In its latest report on Vietnam’s economic development in the first half of 2016, which was released on July 19, the WB said that Vietnam is facing serious challenges.
Firstly, the rate of participation of the people in the retirement fund is still low, reaching only 22% of the workforce, while the majority are only entitled to a small social pension if they live to the age of 80.
Secondly, the pension system in the formal sector is financially unsustainable though it underwent reform in 2014. Thirdly official retirement is low.
Philip O’Keefe, an economist of the World Bank, said the ambitious goals of Vietnam is to increase participation rates in formal pensions by 50% in 2020 but it will be difficult to achieve this without policy reforms and increased public spending.
O’Keefe said the amended Social Insurance Law in 2014 allow workers in the informal sector to contribute a similar amount in order to encourage their participation. This is good, but it’s still too early to say whether it would help significantly increase the number of participants.
The 2nd strategy is decreasing the age enjoying social pension from the current level of 80 years old. This provision has been proposed but not yet approved.
According to WB experts, the official pension system is facing major challenges which will become increasingly serious when the aging process accelerates. Currently, the population aged 65 and older in Vietnam is 6.5 million, but the number is expected to increase by 3 times to 18.4 million by 2040.
Vietnam is among the countries with a fast speed of aging population, and this is occurring when the national income is lower than most countries having an aging population today, the WB expert said.
In 2014, Vietnam made reforms but they were not fast and powerful enough to restore financial balance of the retirement fund.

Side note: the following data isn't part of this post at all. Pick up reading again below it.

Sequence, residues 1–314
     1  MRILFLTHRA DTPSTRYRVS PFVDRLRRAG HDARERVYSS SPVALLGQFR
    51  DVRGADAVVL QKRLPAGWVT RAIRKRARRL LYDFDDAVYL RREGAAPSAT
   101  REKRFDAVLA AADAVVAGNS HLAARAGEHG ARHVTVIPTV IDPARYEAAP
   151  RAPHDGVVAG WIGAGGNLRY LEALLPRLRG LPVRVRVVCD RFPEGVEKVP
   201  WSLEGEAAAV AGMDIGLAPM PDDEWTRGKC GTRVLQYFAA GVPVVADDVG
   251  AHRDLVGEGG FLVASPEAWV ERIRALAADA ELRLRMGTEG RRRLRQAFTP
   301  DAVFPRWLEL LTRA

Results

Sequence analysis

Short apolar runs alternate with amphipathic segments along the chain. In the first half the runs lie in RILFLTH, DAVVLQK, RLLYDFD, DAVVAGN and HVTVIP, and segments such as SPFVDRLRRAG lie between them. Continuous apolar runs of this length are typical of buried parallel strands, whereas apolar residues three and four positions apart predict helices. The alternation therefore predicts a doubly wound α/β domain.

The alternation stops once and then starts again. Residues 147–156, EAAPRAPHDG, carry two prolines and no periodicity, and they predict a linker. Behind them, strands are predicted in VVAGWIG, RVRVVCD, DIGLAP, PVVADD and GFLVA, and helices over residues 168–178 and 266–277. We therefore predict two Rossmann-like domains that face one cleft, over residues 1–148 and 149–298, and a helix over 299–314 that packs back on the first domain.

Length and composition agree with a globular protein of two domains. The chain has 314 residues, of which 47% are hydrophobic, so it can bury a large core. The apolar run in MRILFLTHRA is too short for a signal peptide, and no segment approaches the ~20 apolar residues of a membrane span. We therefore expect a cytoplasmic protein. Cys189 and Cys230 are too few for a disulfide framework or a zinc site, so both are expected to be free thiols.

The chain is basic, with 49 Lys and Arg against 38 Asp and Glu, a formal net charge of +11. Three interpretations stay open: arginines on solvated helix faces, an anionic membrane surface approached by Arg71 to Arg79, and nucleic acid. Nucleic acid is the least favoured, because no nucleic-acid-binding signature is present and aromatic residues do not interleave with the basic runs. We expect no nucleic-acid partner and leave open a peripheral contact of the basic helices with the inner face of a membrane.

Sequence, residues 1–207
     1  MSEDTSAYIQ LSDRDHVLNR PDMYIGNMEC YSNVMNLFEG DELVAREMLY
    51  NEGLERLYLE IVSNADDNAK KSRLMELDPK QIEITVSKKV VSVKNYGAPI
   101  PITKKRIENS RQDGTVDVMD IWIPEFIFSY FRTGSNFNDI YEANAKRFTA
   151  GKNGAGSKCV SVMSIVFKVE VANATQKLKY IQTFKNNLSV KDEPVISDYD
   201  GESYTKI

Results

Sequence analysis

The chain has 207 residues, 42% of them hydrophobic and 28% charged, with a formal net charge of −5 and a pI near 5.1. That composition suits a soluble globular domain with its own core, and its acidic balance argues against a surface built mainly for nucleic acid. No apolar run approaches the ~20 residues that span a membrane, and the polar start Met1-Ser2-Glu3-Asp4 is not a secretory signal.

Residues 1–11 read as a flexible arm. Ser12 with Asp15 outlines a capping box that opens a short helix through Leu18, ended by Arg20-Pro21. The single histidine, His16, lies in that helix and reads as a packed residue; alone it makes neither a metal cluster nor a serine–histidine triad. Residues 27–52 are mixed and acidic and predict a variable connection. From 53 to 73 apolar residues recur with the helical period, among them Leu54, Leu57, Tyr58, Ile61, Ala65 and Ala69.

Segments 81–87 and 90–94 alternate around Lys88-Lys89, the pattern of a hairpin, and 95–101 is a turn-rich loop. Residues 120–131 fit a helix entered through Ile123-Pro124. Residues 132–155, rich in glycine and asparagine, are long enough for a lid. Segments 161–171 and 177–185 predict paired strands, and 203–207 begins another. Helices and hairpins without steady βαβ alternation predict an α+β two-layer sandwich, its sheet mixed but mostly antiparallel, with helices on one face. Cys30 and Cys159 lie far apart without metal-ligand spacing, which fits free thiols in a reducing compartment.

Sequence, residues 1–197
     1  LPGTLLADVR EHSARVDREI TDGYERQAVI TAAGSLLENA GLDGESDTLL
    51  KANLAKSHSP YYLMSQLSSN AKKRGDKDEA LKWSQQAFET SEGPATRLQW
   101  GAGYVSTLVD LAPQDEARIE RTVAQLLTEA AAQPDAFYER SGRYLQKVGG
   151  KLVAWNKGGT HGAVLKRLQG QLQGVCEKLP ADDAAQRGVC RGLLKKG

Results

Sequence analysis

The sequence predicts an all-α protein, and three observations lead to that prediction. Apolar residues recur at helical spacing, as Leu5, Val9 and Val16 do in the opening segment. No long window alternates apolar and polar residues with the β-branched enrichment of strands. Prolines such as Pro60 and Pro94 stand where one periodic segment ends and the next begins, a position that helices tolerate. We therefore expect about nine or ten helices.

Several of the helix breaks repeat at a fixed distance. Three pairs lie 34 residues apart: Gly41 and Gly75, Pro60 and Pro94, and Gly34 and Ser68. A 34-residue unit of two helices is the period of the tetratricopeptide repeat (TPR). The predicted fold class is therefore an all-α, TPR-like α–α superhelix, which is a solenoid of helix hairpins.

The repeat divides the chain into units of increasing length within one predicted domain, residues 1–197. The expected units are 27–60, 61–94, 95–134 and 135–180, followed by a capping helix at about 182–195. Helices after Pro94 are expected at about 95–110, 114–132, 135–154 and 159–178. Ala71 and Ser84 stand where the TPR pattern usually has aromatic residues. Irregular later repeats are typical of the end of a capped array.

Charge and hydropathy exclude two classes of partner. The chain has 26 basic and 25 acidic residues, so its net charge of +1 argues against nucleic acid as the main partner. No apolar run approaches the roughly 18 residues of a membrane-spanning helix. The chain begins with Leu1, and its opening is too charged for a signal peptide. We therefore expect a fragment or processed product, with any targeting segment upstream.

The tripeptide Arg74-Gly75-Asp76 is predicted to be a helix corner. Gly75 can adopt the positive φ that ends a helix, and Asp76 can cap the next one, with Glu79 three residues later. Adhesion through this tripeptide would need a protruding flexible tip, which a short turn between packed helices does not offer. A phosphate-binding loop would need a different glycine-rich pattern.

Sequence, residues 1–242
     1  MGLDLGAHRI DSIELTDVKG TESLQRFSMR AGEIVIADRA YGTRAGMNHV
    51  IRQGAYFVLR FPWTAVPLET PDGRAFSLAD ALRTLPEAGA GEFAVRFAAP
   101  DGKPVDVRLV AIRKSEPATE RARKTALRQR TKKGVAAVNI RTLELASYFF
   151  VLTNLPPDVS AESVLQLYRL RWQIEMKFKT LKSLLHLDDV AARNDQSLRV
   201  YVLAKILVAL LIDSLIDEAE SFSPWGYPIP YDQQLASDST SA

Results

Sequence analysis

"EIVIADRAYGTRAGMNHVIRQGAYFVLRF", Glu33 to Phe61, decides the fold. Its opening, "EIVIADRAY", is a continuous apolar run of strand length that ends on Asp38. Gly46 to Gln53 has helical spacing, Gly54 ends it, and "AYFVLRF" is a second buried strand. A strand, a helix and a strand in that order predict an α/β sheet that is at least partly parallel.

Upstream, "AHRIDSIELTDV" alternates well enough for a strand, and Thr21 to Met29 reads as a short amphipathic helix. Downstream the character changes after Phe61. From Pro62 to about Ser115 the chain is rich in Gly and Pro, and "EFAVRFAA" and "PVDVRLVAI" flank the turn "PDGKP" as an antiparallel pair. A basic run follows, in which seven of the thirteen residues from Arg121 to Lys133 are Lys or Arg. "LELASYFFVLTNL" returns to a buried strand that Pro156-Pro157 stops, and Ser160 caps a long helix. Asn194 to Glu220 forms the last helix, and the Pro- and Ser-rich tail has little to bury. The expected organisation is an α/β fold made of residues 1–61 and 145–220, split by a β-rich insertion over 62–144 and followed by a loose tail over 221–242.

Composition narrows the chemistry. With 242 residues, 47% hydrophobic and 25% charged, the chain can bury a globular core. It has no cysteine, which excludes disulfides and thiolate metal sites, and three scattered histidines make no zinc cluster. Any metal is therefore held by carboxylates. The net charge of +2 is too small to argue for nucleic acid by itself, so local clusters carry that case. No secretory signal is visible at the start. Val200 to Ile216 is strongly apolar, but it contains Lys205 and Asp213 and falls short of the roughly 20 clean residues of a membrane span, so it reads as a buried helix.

Before the amendment, economists forecast that the fund would be in deficit since the early 2020s and the reserves will be exhausted by mid-2030; then it will be the time that needs growing support from the budget.
According to the WB experts, the amended law has improved the financial situation of the pension funds but there is no specific figure because the current calculation has not been updated.
However, after the 2014 amendment, the main factors leading to the imbalance to the fund were unmodified (like retirement age) or not modified enough (such as premature retirement provisions). Because of this, the fund cannot recover on a sustainable basis.
Therefore, the retirement fund is still likely to be in deficit in the 2020s.
Besides, the social pension is very low, only equivalent to 10% of the average income, and there is only a small percentage of the population aging from 65 to 79 and only those aged 80 years or older benefit from social pension.
The official pension situation is more complex. The benefit rate is relatively generous, currently prescribed at 3% for women for each year of contribution and 2.25% for men. Compared to international standards, this is a very high rate and unsustainable in terms of finance.
Despite the high rate, the practical benefit is lower because most people only contribute based on the basic salary, which is usually the minimum wage.
In 2014, the Vietnamese government implemented reforms to expand the contribution base, which is not only the basic wage but also allowances, bonuses and other remuneration regimes. This is a right step to solve the problem.
After mentioning the challenges, the World Bank also recommended a number of policies for Vietnam in the coming time.
Firstly, gradually reduce the social pension age from 80 to 70. Secondly, to raise the participation rate of those in the informal sector, Vietnam should expand the currently subsidized program.
Thirdly, if Vietnam seriously pursues the goal of expanding the range of workers participating in the pension system, it needs to implement current reforms in depth. In the medium term, Vietnam cannot maintain the current system without reform. It is time for the pension system to be reform again.